Last updated: Feb-19-2019

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Veteran business journalist and investigative reporter Olev Edur takes you behind the performance numbers for close-up look at the people, processes, and portfolios that make investment funds tick.

By Olev Edur  | Tuesday, May 01, 2018

Real estate certainly has been in the news a lot these days, at least the residential component. As a result of various restrictive initiatives by federal, provincial, and municipal authorities over the past year to curb what was seen as a runaway “housing bubble,” home prices have subsided over the past year, although the condo market seems to be less affected. Nevertheless, other real estate sectors continue to be strong, largely as a result of our booming economy, and the multiple FundGrade A+® Award-winning First Asset REIT Income Fund has long been a prime beneficiary.

For the five-year period through March 2018, the fund has generated a very respectable average annual compounded return of 9.0% – particularly impressive given this is an income-generating as opposed to growth-oriented fund. And while the single-family market is being challenged, the fund has considerable holdings in multi-unit rental properties, which may actually benefit from these restrictions.

“The rental vacancy rate in Canada is 3%, and in Vancouver and the GTA [Greater Toronto Area] it’s even lower,” says Lee Goldman of First Asset Investment Management Inc. in Toronto, portfolio manager of the First Asset REIT Income Fund. “The problem in Ontario is that they’ve placed further caps on rent increases, and while there was a need for controls, they’ve gone too far, and the result is self-defeating because now even fewer rentals are being built.”

Indeed, a recent report commissioned by landlord groups found that 1,000 rental units had been cancelled since Ontario expanded rent control rules across the province, and the result would be a further tightening of vacancy rates. “RioCan is projecting that rents in Toronto will increase to $3.50 to $4.00 a square foot per month, so a 1,000-square-foot apartment would cost $3,500 a month,” Goldman notes.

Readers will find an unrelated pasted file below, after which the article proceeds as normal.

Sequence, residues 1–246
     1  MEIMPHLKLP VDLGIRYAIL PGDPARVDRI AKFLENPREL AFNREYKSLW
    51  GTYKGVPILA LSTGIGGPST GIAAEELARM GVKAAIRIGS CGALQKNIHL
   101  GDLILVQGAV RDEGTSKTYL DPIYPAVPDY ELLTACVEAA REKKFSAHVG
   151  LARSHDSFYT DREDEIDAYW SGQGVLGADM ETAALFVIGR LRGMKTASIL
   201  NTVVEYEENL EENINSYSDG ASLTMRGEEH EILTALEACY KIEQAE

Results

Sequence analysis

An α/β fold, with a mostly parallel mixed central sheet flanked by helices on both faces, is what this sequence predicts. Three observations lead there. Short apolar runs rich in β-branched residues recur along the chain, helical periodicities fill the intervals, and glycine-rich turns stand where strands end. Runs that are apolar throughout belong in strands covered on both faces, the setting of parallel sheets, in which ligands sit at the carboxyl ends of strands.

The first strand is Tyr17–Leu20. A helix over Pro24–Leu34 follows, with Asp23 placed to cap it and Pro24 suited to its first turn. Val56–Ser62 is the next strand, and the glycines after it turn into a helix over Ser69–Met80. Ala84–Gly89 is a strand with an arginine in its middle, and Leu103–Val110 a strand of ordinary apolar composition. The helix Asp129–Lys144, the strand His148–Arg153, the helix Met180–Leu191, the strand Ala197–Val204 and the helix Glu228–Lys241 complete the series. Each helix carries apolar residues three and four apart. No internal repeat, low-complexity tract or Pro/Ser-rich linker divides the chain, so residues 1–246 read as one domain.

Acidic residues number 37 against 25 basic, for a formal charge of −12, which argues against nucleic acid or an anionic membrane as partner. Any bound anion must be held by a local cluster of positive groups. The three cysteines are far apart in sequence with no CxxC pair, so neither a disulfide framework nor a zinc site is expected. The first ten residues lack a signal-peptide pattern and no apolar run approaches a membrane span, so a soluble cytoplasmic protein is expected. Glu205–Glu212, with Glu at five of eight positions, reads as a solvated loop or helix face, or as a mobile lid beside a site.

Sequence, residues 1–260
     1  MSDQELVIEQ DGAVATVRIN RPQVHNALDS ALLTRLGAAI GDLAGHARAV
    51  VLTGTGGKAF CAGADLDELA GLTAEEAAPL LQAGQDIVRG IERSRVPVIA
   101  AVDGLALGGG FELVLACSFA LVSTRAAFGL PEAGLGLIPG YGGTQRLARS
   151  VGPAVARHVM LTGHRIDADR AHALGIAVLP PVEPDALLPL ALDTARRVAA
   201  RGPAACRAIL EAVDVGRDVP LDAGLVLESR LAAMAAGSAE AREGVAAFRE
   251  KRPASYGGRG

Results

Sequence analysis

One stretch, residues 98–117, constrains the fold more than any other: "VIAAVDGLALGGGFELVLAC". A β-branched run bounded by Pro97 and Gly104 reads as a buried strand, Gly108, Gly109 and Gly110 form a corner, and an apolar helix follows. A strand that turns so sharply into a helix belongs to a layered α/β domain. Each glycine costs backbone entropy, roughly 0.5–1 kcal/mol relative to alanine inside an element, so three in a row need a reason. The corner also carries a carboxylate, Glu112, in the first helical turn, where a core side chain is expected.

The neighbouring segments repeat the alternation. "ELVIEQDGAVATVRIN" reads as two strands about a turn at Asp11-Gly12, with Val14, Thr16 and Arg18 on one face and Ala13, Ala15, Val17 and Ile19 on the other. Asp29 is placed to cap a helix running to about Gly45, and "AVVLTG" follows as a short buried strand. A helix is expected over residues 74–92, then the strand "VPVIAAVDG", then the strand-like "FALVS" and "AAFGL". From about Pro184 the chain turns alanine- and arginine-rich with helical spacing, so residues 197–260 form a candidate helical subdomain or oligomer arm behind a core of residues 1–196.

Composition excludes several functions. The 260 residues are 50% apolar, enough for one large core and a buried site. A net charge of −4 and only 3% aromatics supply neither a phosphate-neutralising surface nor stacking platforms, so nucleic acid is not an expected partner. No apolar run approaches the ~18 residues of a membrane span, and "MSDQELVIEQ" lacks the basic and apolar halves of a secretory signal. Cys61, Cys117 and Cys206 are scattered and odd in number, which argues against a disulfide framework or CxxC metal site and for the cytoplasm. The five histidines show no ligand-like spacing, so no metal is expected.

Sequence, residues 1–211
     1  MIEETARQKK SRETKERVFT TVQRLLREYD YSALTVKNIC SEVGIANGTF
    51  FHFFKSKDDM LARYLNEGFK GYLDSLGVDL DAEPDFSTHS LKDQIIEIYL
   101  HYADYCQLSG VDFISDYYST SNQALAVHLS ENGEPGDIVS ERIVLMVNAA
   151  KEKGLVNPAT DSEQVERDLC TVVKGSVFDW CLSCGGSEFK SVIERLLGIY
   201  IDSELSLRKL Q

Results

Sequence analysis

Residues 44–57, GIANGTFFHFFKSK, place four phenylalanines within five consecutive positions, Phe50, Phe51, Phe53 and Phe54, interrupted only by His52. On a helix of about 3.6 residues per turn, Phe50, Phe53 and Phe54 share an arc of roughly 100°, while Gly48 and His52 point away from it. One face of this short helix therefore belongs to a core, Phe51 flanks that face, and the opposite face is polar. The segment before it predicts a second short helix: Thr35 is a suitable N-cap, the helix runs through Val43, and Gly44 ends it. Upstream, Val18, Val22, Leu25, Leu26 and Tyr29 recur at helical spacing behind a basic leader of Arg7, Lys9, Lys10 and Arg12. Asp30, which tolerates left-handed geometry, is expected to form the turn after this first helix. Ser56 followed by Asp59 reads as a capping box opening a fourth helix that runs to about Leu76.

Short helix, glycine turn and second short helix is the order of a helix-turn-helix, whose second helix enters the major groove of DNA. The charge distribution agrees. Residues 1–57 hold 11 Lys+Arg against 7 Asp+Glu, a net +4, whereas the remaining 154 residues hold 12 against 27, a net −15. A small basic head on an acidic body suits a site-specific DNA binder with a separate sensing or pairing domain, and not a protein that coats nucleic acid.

Meanwhile, other sectors continue to hold up well. First Asset invests in multi-family residential as well as office, retail and industrial properties, with niche holdings in automotive [dealership] and storage REITs, all of which show continuing strength. “The economy is still fairly strong in North America,” Goldman says. “U.S. unemployment is 4% and in Canada it’s in the low fives, so real estate fundamentals are strong across all asset classes, with the exception of Alberta office space due to excess supply as well as the [energy-induced] recession in that province.”

The fund had 39 holdings at March 29, and the top five included Canadian Apartment Properties REIT (TSX: CAR.UN), First Capital Realty Inc. (TSX: FCR), InterRent Reit (TSX: IIP.UN), Killam Apartment REIT (TSX: KMP.UN), and Riocan REIT (TSX: REI.UN).

Goldman admits that the retail sector has been weak too, as a result of e-commerce and changing shopper habits, but believes that concerns about retail bricks and mortar have been “overblown.” “A lot of these companies have very good properties that can be redeveloped and built out by putting residential on top of the retail space,” he says. “RioCan, for example, has a lot of underutilized space that can be changed to mixed use, and that would increase property values.”

The fly in the ointment, however, may be interest rates. “Ten-year government bond yields in Canada and the U.S. are the highest they’ve been in four years, and if they move much higher, it could have a negative impact on all real estate valuations,” says Goldman. “That’s one of the keys going forward.”

“The U.S. plans two more rate increases this year, and it will be interesting to see what happens to the yield curve afterwards,” Goldman says. “But Canadian debt – federal, provincial, as well as consumer – is very high, and as a result we’re much more sensitive to interest rates. It won’t take much to cool the economy, so I don’t think Canada will follow the U.S. lead. Personally, I think we’ll likely see only one more rate increase by the Bank of Canada, and not much more.”

Olev Edur is an experienced financial and business journalist and a frequent contributor to the Fund Library.

Notes and Disclaimers

© 2018 by Fund Library. All rights reserved. Reproduction in whole or in part by any means without written permission is prohibited.

Commissions, trailing commissions, management fees and expenses all may be associated with mutual fund investments. Please read the simplified prospectus before investing. Mutual funds are not guaranteed and are not covered by the Canada Deposit Insurance Corporation or by any other government deposit insurer. There can be no assurances that the fund will be able to maintain its net asset value per security at a constant amount or that the full amount of your investment in the fund will be returned to you. Fund values change frequently and past performance may not be repeated. No guarantee of performance is made or implied. The foregoing is for general information purposes only. This information is not intended to provide specific personalized advice including, without limitation, investment, financial, legal, accounting or tax advice.

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